Seems like there are odds—strange as they are—for just about anything. But what about what you do? What are the odds? Where are the stats? Since you deal with people, and people are inherently unpredictable, it might seem difficult to pin probability on their behavior and idiosyncrasies. But we’re talking about people in a workplace, and as you might guess, patterns begin to form that curiously repeat themselves no matter where you work or who you supervise.
The Savvy Office Manager
Cal Butera is the editor of Business Management Daily’s Office Manager Today, Manager’s Legal Bulletin, Managing People at Work and Communication Briefings newsletters. He has been with Business Management Daily since 2007 and worked 22 years for midsize daily newspapers as sports writer, news reporter, layout and design editor, copy editor and city editor.
A résumé is a peculiar document. The writer bares his professional soul, fusses over verbs and gerunds, though he’s not sure what gerunds are. You know what you’re looking for when it comes to experience and education. But sometimes you’re fooled.
Isn’t it hard enough gaining respect from your employees without a bunch of recording artists egging them on to disrespect you and the jobs you’ve given them? Next to helping their listeners navigate the choppy waters of love, loneliness and drug usage, these pop stars seem to want them to hate their jobs along with the person supervising them. That would be you. Here are the top 5 songs that put you, dear boss, on your employees’ dart boards.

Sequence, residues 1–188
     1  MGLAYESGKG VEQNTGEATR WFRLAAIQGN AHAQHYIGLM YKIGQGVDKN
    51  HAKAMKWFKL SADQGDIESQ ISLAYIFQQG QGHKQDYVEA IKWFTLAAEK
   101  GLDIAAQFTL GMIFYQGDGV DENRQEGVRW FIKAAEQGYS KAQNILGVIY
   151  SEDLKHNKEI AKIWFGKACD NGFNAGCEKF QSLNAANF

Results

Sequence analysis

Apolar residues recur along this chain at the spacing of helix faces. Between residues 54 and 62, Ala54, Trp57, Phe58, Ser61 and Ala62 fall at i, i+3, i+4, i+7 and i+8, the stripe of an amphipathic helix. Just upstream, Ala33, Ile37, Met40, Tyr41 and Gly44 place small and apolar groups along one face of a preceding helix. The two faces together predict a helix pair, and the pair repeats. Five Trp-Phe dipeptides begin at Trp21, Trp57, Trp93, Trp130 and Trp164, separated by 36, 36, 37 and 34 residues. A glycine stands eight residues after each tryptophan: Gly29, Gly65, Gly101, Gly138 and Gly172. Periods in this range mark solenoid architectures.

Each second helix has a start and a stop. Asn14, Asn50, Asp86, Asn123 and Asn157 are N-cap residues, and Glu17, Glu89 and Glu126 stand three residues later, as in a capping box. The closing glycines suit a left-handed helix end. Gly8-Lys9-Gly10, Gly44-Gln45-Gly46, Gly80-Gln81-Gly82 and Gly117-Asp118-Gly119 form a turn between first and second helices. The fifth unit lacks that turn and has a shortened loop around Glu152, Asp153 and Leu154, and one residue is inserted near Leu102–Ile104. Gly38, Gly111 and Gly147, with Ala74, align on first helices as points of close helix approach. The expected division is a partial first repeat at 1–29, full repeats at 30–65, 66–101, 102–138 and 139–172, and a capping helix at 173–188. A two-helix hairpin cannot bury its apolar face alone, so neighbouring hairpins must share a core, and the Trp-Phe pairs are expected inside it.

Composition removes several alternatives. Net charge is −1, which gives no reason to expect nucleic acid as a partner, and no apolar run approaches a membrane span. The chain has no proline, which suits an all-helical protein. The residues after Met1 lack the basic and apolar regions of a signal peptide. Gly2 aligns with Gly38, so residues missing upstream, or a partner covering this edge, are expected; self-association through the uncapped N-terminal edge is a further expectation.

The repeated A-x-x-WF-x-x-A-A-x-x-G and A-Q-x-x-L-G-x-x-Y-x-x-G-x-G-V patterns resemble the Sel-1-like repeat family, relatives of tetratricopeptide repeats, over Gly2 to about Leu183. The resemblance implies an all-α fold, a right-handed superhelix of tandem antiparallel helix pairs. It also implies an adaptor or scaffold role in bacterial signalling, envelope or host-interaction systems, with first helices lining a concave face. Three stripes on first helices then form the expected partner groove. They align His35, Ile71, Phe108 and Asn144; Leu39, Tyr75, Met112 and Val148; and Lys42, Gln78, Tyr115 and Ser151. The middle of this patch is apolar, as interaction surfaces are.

Does your breakroom coffee taste like it came out of a lumberjack’s Thermos? In case you haven’t tried it lately, ask yourself this: How many employees come to work with their hand wrapped around a $6 Caramel Macchiato—venti? Probably a lot more than the few employees who, with the taste buds of a house fly, emerge from your Café de Kitchenette wiggling a wooden stirrer in a 6-ounce white styro cup. The truth is, your coffee is bad for a lot of little reasons, all of which can be fixed.
What manager wouldn’t want a loveable, huggable, truth-spewing, bumbling, incompetent, lazy employee like Homer Simpson? In reality, Homer is in your cubicles, on your shop floor, driving your delivery trucks, waiting on customers, and yes, in the interview room. Want him or not. Homer’s a composite of the personalities of your workforce, and his words are often your employees’ thoughts.